As we begin the new year, it is a good time to look at requirements that change from year to year. In this article we look at certain public works requirements in California. Many public works contractors are already aware that over the last few years, California has enacted legislation authorizing different project delivery methods and in the process began incorporating escalated requirements, as a percentage of the workforce, a “Skilled and Trained” ("S&T") workforce requirement. This S&T workforce requirement mandates that contractors working on specific types of projects authorized by the applicable delivery method, employ a certain percentage of apprenticeship program graduates for those engaged in construction apprenticeship occupations. The primary project delivery methods included in the S&T workforce requirements are Lease-leaseback for school projects, Best Value, and Design-Build.
According to California law, all workers employed in an apprentice occupation working on covered projects must be either a “skilled journeyperson” or an apprentice that is registered in an approved apprenticeship program. A “skilled journeyperson” is defined by statute as a worker who either: (i) Graduated from an apprentice program for the applicable occupation that was approved by the Chief of the Division of Apprenticeship Standards of the Department of Industrial Relations (“Chief”), or located outside California and approved for federal purposes pursuant to the apprenticeship regulations adopted by the federal Secretary of Labor; or, (ii) has at least as many hours of on-the-job experience in the applicable occupation as would be required to graduate from an apprenticeship program for the applicable occupation that is approved by the Chief. Starting January 1, the workforce S&T percentage requirement increased to 60%.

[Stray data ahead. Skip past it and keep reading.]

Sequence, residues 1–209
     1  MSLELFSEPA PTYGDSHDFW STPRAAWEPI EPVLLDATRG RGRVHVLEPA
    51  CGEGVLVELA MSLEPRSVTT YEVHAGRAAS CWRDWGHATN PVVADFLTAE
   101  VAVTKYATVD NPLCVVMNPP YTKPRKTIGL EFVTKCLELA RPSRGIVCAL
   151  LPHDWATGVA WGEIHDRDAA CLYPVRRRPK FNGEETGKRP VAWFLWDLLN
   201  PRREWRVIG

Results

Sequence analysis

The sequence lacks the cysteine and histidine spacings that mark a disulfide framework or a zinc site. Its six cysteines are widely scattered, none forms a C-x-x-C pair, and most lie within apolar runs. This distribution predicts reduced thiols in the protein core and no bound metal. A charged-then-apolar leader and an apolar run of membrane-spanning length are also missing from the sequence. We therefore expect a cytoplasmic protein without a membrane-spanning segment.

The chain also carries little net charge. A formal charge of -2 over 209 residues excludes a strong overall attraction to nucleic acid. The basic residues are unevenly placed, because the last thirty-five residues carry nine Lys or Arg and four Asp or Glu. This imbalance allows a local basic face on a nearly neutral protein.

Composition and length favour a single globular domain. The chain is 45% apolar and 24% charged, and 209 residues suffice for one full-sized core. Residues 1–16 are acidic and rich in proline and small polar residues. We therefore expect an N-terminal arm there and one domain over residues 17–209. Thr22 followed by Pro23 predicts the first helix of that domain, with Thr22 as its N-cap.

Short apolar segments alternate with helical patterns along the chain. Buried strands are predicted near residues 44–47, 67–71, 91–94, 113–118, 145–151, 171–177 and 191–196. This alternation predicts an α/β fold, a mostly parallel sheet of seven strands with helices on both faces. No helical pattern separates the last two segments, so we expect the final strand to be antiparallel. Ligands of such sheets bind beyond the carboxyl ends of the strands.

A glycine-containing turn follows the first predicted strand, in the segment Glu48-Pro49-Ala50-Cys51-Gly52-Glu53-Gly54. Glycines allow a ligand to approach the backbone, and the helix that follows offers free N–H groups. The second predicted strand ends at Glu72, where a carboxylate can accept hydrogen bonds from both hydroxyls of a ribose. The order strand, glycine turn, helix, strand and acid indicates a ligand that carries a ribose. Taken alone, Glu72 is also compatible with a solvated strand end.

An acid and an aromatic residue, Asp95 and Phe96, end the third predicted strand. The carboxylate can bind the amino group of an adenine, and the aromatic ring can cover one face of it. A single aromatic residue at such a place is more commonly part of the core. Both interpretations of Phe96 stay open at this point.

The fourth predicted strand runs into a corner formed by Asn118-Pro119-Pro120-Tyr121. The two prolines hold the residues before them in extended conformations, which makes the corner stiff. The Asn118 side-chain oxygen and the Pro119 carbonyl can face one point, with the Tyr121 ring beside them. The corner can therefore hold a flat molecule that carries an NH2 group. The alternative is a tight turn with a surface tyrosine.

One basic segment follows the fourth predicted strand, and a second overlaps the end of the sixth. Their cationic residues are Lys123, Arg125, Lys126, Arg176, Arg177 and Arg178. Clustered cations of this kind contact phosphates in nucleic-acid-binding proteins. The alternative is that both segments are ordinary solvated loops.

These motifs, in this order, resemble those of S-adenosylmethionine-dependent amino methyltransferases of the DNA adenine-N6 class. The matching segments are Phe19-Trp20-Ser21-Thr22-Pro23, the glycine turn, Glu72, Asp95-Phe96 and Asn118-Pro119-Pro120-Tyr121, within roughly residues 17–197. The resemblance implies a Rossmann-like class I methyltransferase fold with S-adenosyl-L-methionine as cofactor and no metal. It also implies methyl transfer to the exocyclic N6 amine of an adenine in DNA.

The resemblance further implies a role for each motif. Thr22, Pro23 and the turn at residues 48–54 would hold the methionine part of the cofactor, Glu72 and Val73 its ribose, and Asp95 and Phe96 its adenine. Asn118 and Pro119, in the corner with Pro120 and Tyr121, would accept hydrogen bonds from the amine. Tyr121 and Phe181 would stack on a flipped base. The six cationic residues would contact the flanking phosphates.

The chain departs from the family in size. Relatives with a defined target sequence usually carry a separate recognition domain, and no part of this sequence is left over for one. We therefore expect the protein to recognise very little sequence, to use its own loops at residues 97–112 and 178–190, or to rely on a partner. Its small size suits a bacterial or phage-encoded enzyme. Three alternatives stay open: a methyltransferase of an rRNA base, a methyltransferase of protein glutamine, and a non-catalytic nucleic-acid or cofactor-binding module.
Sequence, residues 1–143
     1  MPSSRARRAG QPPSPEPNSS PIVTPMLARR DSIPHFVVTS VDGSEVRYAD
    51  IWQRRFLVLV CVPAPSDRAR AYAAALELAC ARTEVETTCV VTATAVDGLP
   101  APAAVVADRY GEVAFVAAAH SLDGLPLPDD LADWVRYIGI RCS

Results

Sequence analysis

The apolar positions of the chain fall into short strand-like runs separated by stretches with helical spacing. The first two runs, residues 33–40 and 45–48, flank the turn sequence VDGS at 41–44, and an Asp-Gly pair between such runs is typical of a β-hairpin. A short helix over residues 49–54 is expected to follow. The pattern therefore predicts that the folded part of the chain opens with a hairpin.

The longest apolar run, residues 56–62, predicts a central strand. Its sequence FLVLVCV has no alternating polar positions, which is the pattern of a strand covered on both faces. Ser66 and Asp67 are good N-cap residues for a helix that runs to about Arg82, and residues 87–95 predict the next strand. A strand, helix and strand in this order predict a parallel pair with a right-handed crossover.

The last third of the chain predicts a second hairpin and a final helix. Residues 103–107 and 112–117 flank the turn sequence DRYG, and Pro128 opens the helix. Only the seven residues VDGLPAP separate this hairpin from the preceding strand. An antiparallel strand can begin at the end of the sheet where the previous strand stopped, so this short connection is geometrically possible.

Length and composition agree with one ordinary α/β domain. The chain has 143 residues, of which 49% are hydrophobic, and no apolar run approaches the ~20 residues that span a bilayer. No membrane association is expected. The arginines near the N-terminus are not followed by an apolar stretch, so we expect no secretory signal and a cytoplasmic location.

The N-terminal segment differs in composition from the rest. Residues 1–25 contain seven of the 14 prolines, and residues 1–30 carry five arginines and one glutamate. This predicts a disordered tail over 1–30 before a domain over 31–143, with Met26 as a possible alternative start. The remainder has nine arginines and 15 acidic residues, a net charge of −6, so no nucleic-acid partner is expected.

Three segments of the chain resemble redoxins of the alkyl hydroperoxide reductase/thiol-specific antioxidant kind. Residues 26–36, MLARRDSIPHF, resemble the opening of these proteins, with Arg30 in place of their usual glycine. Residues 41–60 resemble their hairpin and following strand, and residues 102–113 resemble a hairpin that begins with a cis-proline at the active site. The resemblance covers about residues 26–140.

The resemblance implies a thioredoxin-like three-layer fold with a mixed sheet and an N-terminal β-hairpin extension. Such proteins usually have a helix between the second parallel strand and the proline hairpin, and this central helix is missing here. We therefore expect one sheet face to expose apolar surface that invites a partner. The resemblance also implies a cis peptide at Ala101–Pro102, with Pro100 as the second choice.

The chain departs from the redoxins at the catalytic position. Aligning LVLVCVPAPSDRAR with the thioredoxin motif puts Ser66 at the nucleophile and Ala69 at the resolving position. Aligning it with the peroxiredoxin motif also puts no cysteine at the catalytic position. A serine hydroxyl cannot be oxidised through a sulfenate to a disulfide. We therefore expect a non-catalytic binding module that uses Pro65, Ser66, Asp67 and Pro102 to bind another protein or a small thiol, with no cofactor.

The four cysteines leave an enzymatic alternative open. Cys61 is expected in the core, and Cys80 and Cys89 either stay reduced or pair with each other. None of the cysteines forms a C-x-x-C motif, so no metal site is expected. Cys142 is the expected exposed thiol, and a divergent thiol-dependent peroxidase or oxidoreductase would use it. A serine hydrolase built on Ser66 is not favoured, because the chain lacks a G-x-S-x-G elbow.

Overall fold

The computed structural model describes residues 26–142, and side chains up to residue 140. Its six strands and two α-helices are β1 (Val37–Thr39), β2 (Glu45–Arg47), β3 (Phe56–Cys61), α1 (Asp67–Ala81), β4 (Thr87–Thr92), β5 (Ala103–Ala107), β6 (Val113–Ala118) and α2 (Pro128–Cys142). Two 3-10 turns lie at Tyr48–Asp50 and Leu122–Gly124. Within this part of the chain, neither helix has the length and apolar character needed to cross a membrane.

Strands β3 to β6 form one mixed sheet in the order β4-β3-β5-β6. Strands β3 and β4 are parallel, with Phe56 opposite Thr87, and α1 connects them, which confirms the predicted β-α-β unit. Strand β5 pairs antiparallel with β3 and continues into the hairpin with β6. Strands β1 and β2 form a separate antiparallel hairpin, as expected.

General contractors working on these qualified projects must submit monthly reports which demonstrate compliance with the S&T workforce requirements. If a general contractor fails to submit a monthly report, the awarding body can withhold payment until a complete report is submitted. However, if the general contractor’s failure to submit a complete report is due to a subcontractor’s failure to submit the required information, the awarding body will be limited to withholding an amount up to 150% of the value of the monthly billing for that subcontractor. Similarly, if the monthly report demonstrates non-compliance by the general contractor or any of its subcontractors, the awarding body will again be limited to withholding an amount up to 150% of the value of the monthly billing for the non-compliant contractor or subcontractor. There are other penalties and requirements which can be determined by reviewing the applicable law and regulations governing the project. Be aware, general contractors will be liable for penalties issued against their subcontractors if the general contractor had knowledge of the subcontractor’s failure to comply or if the general contractor fails to comply with statutory requirements.
It is necessary that general contractors and subcontractors understand their obligations on S&T workforce projects, and have procedures in place for compliance. The start of the new year is an excellent time to review your current procedures for compliance and to assure you will be in compliance with the 2020 requirements. We predict in the future that the California legislature is likely to expand the law to cover more projects as well as the lowering of the dollar value threshold of a project for which these S&T workforce requirements will be imposed.